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Why won’t cops search Indiana landfill for remains of missing Chicago senior?

Daisy Hayes, whose 66th birthday is Sunday, has been missing since she was last seen May 1 on the South Side at a Chicago Housing Authority senior building.

Daisy Hayes | Provided photo

Sunday is Daisy Hayes’ 66th birthday.

But instead of a celebration, there will be a vigil. Hayes was last seen May 1 going into the Chicago Housing Authority’s Kendall Campbell Apartments, the senior building where she lived at 6360 S. Minerva in Woodlawn.

After a missing person’s investigation that dragged on, the police issued a warrant for the arrest of James Jackson, Smith’s boyfriend, believed to have killed the woman and then disposed of her body in a landfill near Monticello, Indiana.

On Friday afternoon, authorities said Jackson, who lived in the same CHA building, has been arrested in Memphis and is being charged with murder.

But there has been no effort to retrieve Hayes’ body,

“I was told her body is in a landfill and that there wasn’t any money or manpower to get the body because it would cost millions of dollars, and it would be like looking for a certain needle in a pile of needles,” said Teresa Smith, Hayes’ daughter.

Anthony Guglielmi, chief spokesman for the Chicago Police Department, said the police “do have information” to suggest the body “might be” in a Monticello landfill.

“Did we search the landfill for that body?” Guglielmi said. “No, we did not.”

He said police first wanted to find Jackson, “so we can begin an interrogation.”

No one saw the 85-pound Hayes leave her building. Smith had long suspected her mother’s boyfriend because he moved out of the building immediately after Hayes’ disappearance.

But the daughter said she hasn’t gotten any help from law enforcement in her effort to do what’s now most important to her: recover her mother’s remains.

Prosecutors told the family the responsibility to search for the body is the responsibility of the investigating agency.

“In this case, it would be the Chicago Police Department,” said Tandra Simonton, a spokesman for the Cook County state’s attorney’s office. “We are moving forward with the case, and we don’t need a body to prosecute.”

I called the Monticello police to find out whether the Chicago police ever reached out about the tip that Hayes’ body is in a landfill.

“There is no landfill in the city limits of Monticello that we would have gotten calls from the Chicago Police Department,” Chief Randy Soliday told me.

At least two waste disposal companies and one landfill on the outskirts of Monticello use that town’s postal address.

Smith thinks this case would have been handled differently if her mother were not black.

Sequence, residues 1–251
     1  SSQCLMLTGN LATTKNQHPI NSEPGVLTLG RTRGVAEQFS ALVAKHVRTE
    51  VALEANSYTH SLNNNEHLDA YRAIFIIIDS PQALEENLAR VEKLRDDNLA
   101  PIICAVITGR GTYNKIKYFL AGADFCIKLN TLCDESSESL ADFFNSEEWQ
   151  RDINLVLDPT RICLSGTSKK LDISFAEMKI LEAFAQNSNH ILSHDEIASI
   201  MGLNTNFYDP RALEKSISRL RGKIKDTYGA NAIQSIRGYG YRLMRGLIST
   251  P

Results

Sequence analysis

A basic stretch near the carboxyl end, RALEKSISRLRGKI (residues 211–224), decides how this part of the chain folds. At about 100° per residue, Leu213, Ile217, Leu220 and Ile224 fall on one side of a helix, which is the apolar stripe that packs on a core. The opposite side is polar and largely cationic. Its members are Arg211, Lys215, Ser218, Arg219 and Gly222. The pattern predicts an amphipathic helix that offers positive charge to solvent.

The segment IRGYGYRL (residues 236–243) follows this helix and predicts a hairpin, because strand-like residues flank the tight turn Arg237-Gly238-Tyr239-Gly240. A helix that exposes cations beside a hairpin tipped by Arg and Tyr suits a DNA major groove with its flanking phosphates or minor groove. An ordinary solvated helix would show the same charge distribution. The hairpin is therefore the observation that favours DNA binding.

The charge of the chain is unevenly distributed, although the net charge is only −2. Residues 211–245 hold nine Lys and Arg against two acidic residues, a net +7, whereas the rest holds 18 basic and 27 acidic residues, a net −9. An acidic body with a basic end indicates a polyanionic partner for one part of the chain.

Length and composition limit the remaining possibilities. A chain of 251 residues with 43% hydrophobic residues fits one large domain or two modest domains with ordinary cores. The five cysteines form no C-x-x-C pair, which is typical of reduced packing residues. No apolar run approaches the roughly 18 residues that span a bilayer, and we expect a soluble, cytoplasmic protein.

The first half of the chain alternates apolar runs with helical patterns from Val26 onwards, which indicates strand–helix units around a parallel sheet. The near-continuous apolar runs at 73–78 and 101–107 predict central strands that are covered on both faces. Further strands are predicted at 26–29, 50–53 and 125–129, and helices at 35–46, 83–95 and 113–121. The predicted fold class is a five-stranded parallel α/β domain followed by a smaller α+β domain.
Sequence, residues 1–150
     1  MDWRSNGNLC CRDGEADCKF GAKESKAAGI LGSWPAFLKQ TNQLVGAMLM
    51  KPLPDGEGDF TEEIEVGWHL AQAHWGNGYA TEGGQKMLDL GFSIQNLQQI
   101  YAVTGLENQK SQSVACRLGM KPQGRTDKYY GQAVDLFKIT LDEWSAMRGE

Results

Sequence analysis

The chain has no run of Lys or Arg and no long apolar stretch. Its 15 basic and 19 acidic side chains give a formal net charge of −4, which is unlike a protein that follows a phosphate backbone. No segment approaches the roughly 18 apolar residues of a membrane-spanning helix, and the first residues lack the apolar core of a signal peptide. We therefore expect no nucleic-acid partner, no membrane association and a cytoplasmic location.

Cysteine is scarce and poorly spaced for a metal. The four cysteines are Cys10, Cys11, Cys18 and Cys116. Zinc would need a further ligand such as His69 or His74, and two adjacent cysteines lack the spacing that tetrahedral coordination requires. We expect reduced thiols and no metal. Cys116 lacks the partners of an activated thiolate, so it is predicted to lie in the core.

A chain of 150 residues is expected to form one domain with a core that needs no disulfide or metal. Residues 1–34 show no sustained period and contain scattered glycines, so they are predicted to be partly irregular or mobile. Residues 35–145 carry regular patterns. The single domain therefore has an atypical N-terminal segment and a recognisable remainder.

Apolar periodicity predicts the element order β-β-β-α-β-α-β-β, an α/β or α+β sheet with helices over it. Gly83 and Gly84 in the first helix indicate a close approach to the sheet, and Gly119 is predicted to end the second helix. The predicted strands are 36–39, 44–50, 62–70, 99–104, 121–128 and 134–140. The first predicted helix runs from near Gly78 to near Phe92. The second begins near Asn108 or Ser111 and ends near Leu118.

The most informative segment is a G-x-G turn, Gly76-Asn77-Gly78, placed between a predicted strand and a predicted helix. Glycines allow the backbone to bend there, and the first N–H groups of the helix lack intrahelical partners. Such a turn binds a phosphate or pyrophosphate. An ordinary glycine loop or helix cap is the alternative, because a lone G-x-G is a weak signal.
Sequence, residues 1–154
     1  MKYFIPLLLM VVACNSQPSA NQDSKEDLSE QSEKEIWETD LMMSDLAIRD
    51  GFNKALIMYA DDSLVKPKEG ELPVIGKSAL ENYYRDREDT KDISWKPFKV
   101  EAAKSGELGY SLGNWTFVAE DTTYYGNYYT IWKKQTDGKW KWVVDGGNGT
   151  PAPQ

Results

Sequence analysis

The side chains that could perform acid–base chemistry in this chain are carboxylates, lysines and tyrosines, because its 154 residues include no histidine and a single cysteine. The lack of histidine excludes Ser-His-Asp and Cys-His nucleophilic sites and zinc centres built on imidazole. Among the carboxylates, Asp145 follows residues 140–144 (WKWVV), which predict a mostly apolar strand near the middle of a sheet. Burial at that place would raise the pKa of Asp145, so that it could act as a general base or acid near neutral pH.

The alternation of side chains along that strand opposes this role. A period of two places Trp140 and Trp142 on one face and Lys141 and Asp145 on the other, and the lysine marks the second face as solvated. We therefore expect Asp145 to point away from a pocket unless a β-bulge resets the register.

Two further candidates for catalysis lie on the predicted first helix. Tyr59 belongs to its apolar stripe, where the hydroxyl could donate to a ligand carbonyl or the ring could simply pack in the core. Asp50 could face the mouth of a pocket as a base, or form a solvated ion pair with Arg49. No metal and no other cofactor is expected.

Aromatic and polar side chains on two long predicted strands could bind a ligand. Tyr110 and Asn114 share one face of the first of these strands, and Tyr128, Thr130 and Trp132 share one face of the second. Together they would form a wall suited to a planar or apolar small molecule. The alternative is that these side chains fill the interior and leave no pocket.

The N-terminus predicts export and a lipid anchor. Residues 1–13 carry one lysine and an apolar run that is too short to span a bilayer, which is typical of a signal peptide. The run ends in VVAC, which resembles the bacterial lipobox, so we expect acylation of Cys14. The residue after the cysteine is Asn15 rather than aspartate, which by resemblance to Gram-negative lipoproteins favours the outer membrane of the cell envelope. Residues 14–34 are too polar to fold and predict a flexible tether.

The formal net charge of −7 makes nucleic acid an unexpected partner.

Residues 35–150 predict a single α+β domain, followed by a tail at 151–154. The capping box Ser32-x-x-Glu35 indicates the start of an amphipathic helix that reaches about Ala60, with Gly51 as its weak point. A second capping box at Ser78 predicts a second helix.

“If she was a white girl or white woman, they would have done everything in their power to go and get the remains,” Smith said.

Daisy Hayes, 65, missing from a Chicago Housing Authority senior building.

Daisy Hayes. | Facebook

Guglielmi said Hayes’ race did not factor into the department’s decision not to search the landfill.

“Unfortunately, we are in that sensitive time frame that saying anything about the location of the body and how it was disposed of could compromise the interrogation,” he said.

That is cold comfort to Smith.

“They just want to get the guy in custody,” Smith said. “I’m saying I still need her body for closure, and no one is listening to that. I want to give her a proper memorial.”

You can’t blame her for feeling the way she does.

When Stacy Peterson disappeared from her Bolingbrook home in 2007, that suburb was flooded with search teams, including the all-volunteer Texas EquuSearch Mounted Search and Recovery Team, equipped with search dogs and an aerial drone.

Drew Peterson, a former Bolingbrook police officer, was widely believed to have killed Peterson, his fourth wife, but has never been charged with that. He is currently serving 38 years in prison for the death of his third wife, Kathleen Savio.

In 2013, the Illinois State Police were still actively conducting searches for Peterson’s body. based on tips. As recently as March 2018, Stacy Peterson’s sister Cassandra Cales was soliciting money on social media to help recover Stacy Peterson’s remains.

“Why is it different with us as blacks?” Smith said. “It is really horrible. They need to be in my shoes and see how they would feel if it were their mother or sister.”

On Tuesday, the grass-roots advocacy organization KOCO plans to go to City Hall to push for a search of the Indiana landfill a tipster identified.

“The city needs to bring the resources to recover [Hayes’] body” said Shannon Bennett, KOCO’s deputy director. “If this were Stacy Peterson and other folks, the search teams and the police resources would have been dedicated. We don’t see it being done for black families.”


• Chicago woman wants answers from police about her missing mother, who’s 65, Sept. 9, 2018